This will be a summary, for the previous two pieces on Free Radicals were complex. So here goes. Let’s go back to the cell and continue from there.
For the body to perform at optimum, the thousands of functions operating in it must be not only kept in balance but should sync with every other part and body function. When it gets out of balance on a cellular level, that must be put back in balance or it will affect a neighboring cell and then spreads, weakening the body to be susceptible to disease and if not handled, death.
A cell consists of several moving parts and breaking it down into its component parts there is the atom and its subparts. The atom contains electrons spinning around a nucleus. These electrons must be kept in rhythm, and if out of rhythm, it is like a band with each musician playing a different song in a different key, or could result in chaos. When this occurs, the electrons previously paired perfectly and dancing in rhythm, break up and go looking for a partner resulting in stealing partners from other dancers. They become Free Radicals, which sets up a condition called oxidation and consequently oxidative stress. (Remember oxidation is like rust). Here it is called “oxidative stress.”
This sets up the body for internal stress and like any mechanism (and that is essentially what the body is – a meat machine) it will become weakened and malfunction.
Effects of Oxidative Stress on Health
There are studies that have connected oxidative stress caused by a buildup of untreated free radicals to a number of illnesses. Free radicals cause instability that creates injury and damage right down to the level of the DNA. The cells are damaged, and that can lead to skin cancer if you are out in the sun too long, or high blood sugar can cause oxidative stress on blood vessels, leading to heart disease. This has been shown in studies to link to cancer, autoimmune diseases, cataracts, rheumatoid arthritis, cardiovascular disease, Alzheimer’s and Parkinsons’s disease, and aging skin.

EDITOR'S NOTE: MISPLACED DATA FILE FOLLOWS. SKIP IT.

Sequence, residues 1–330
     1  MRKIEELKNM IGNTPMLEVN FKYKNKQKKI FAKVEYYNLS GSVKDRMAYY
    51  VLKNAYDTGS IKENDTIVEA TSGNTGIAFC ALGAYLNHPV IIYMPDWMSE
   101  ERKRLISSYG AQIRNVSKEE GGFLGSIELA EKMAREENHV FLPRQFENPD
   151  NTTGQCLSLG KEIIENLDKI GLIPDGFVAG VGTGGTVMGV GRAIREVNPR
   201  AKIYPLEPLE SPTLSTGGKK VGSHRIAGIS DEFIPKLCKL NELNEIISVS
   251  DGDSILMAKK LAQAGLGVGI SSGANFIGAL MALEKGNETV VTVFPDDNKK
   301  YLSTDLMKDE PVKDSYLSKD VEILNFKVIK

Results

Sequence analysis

Free Radicals Are Made Constantly
As seen in article I, the body is an entity out in an alien universe made of matter, energy, space, and time, and it is in a constant fight for survival. Any weakness, such as that brought on by Free Radicals reduces survival capacity. The bangs and hurts, and exposures to toxic materials and environments cause electron separation, creating these free radicals. This is normal.
Mother Nature provides antioxidants to repair these broken singular electrons by pairing them up again (we won’t go into how she does this, just understand that she has medicine to repair the damage done through slings and arrows of normal living.) Repair is an ongoing process within this miraculous living machine, the human body.
Fight Free Radicals with Antioxidants
Antioxidants will keep free radicals from waltzing with your healthy cells. While antioxidants help, a good diet is a point one should concentrate on. It helps minimize the risk of oxidative stress and damage. There are thought to be hundreds and possibly thousands of substances that can act as antioxidants. Each has its own role and can interact with others to help the body work effectively.
“Antioxidant” is not really the name of a substance, but rather it describes what a range of substances can do. Your body naturally creates some antioxidants but an antioxidant-rich diet can help as well. Foods with rich, vibrant colors often contain the most antioxidants.
The best sources of antioxidants are plant-based foods, especially fruits and vegetables. The main antioxidants that help regulate free radicals in your body are the vitamins A, C, and E and the mineral selenium. Specifically, here are some to include in your diet:
Vitamin A: Dairy produce, eggs, and liver
Vitamin C: Most fruits and vegetables, especially berries, oranges, and bell peppers
Vitamin E: Nuts and seeds, sunflower and other vegetable oils, and green, leafy vegetables
Beta-carotene: Brightly colored fruits and vegetables, such as carrots, peas, spinach, and mangoes
Lycopene: Pink and red fruits and vegetables, including tomatoes and watermelon
Lutein: Green, leafy vegetables, corn, papaya, and oranges
Selenium: Rice, corn, wheat, and other whole grains, as well as nuts, eggs, cheese, and legumes
Other foods that are believed to be good sources of antioxidants include:
- legumes such as black beans or kidney beans
- green and black teas
- red grapes
- dark chocolate
- goji berries
Goji berries and many other food products that contain antioxidants are available to purchase online. (Listings from Medical News Today)
I would rather not advise antioxidant supplements unless you see your nutritionist or Doctor relative to taking supplements. Reports are that they may harm as much as help when you should be able to get all of the antioxidants you need from a diet rich in them. So take care supplementing.
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